Celebrations of these parties mark the concluding section of the exhibition. There we first see Sir Francis Rose’s mural The Ensemble (1938), depicting Bérard, Tchelitchew, and supporters such as Francis Picabia, Jean Cocteau, Gertrude Stein, Alice B. Toklas, and Tyrone Power. Friends of Neo-Romanticism like the Stein–Toklas duo, Cocteau, Edith Sitwell (who nourished a hopeless love for the homosexual Tchelitchew), and Cecil Beaton are now more famous than the painters themselves. Gertrude Stein’s pronouncements could be as capricious and arbitrary as those of André Breton, Surrealism’s pope. She heralded Tchelitchew as a promising painter upon seeing his Basket of Strawberries in the 1925 Autumn Salon, purchasing that work and others by the artist, only to banish them to a remote corner of her house several years later. Kristians Tonny’s After Van Eyck (Gertrude Stein) (1930–36) shows Modernism’s high priestess looking like a Buddha in a painting based on Van Eyck’s unfinished 1437 drawing of Saint Barbara. Gertrude Stein’s gown is as orange as a prelate’s, her straw hat a halo. Tonny found inspiration for the painting in Stein’s libretto for Virgil Thomson’s Four Saints in an Act and in the painter-writer Georges Hugnet’s comparison of Stein to a Spanish saint, a bishop, and a cathedral. The completion of the portrait, however, was not enough to save their friendship: Stein disapproved of Tonny’s girlfriend Anita Thompson and broke contact with him.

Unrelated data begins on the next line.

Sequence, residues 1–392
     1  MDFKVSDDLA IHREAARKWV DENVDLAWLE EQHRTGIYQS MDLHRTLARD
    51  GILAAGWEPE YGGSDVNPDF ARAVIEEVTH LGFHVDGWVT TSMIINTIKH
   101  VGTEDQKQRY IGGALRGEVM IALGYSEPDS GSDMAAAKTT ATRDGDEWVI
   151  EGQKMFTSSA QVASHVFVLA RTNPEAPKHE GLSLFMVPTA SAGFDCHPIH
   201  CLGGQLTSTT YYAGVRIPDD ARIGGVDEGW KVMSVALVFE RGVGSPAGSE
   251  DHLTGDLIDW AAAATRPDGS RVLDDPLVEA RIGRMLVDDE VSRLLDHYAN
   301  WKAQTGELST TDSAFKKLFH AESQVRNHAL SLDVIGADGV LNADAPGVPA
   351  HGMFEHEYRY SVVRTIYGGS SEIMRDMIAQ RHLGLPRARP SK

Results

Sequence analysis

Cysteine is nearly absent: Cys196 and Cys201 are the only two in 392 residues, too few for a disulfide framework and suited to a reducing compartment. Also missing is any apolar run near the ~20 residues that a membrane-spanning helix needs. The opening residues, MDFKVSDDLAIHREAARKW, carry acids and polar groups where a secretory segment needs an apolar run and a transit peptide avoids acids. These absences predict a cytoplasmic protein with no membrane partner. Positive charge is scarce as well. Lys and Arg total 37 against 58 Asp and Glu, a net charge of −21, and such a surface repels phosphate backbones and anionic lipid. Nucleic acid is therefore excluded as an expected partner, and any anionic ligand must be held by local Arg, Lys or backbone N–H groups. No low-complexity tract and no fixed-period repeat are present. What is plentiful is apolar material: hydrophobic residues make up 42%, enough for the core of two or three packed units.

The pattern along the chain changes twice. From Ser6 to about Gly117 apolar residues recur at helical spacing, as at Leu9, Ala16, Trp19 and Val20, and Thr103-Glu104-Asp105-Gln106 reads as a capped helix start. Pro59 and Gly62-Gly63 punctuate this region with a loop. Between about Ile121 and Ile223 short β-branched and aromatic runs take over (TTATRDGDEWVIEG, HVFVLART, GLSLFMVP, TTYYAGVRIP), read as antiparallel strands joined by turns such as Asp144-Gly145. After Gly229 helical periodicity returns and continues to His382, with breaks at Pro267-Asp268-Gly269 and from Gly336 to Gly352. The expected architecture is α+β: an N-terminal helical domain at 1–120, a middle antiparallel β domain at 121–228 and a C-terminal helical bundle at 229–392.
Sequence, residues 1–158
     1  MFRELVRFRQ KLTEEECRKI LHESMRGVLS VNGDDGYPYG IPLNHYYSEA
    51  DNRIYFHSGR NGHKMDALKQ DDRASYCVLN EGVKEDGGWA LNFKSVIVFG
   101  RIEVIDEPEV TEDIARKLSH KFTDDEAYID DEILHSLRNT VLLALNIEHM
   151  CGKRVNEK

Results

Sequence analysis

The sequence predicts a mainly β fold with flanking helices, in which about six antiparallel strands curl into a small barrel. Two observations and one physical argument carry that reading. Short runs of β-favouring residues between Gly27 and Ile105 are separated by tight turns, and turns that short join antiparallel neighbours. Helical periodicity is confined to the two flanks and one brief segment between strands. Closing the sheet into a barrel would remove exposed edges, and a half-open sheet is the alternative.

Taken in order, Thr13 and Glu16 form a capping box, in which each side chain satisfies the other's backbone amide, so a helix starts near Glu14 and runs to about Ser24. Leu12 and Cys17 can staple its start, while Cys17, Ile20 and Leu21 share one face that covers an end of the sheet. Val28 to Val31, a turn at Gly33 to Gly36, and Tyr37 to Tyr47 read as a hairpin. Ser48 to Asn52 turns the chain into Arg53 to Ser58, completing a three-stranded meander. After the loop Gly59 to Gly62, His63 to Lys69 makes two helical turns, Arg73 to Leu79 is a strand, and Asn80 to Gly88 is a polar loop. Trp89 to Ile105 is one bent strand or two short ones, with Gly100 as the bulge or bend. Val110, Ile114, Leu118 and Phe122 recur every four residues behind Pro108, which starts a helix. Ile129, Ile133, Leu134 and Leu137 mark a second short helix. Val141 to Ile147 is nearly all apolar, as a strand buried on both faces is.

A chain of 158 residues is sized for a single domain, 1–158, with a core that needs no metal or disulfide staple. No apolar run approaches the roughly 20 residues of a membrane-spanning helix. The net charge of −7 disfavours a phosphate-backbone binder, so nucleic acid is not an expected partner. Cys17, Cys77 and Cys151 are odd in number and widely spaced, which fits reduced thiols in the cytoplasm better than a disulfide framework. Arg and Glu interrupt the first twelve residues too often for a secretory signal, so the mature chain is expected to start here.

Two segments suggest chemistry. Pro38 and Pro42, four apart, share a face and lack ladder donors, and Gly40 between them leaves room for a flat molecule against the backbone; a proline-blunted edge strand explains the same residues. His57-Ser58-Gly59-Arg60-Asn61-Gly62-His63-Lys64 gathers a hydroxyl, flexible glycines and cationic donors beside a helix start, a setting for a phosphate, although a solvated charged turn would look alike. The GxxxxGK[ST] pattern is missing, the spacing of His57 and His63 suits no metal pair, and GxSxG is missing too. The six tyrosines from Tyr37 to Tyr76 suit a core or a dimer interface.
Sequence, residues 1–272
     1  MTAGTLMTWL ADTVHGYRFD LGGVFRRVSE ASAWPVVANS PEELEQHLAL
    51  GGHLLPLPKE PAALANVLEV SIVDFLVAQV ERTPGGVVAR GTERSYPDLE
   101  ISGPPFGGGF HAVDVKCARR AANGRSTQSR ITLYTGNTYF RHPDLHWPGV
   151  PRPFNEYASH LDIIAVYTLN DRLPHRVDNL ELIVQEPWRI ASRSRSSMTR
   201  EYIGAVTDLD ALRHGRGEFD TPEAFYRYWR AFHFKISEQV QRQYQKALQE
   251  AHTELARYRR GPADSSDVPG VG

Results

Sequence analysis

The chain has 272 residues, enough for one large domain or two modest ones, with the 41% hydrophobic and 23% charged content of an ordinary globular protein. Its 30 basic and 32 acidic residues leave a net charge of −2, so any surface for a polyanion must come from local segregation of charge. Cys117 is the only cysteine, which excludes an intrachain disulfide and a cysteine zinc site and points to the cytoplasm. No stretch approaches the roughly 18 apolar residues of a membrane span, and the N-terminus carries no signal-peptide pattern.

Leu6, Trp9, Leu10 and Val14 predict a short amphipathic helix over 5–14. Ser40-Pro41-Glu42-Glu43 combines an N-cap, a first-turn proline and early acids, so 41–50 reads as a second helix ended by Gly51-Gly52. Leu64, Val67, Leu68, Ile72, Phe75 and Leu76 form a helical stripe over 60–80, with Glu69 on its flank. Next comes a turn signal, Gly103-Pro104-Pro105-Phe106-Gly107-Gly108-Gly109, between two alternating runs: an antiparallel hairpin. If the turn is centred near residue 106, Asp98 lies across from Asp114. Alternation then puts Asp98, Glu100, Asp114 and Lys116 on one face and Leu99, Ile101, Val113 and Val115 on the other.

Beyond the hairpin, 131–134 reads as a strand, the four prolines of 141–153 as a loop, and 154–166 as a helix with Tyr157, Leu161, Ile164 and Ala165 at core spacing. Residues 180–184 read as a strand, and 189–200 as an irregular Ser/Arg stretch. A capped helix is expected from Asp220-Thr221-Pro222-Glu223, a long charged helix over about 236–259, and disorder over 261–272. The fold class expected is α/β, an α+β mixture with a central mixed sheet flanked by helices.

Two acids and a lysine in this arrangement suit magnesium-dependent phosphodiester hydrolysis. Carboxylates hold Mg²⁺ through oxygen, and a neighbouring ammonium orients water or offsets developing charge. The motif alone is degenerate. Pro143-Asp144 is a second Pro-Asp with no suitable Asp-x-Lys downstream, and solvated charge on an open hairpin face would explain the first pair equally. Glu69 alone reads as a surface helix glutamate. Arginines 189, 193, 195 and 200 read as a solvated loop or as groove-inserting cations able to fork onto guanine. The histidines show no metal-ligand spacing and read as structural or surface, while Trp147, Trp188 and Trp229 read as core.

There was a fierce rivalry between Bérard, a society favorite, and the tempestuous Tchelitchew, envious of Bérard’s social success. Tchelitchew aspired to be a Dante among painters, but Harold Acton wrote in his memoirs that Tchelitchew squandered his talents on “cerebral experiments” when his “innate gifts” were “theatrical.” Tchelitchew’s paintings in the exhibition support Acton’s judgment despite a good 1924 self-portrait of Tchelititchew’s haunted face. Several pictures by Tchelitchew in the following decades, including Interior Landscape (1947), seem to be forerunners of the psychedelic art of the 1960s.
The exhibition includes several of what Acton called Bérard’s “bewildering manifestations.” Two Self-Portraits on a Beach (1933) shows both masculine and feminine versions of the artist in the way of Plato’s Symposium, and before his later beard. The colors are elegant, with the sand’s ochre and yellow mixing with the sea’s shades of blue. Bérard’s 1948 Portrait of a Woman (Hélène Anavi) attests to what was lost by his premature death.
Bérard was adored by Thérèse Debains, who was described as the “most elusive” of the Neo-Romantics. Her “sunny” beauty was admired by her teachers, especially Vallotton. Her multiple pictures in the exhibition, among them Portrait of a Young Boy and Landscape in Brittany, both undated, make her a revelation. Eugène Berman, poverty-stricken in Paris, portrayed the homeless huddling under Paris’s bridges as refugees of the future. In America, Berman continued in the same vein, this time in New Mexico and Arizona with such paintings as Melancholy (1937) and Scenes of Bohemian Life (1936), reminiscent of paintings by Salvator Rosa and Magnasco and evoking aspects of the Sitwell siblings’ writings. In the 1940s, Berman created a series entitled “Muses of Desolation,” featuring Medusa, Cassandra, and Medea. Sunset (Medusa) (1945), a highlight of the exhibition, shows a melancholic Medusa, sitting down with her head in her arms, her orange hair hanging in the air.
This fascinating exhibition explores an unjustly ignored, underrated corner of twentieth-century art. It is not to be missed.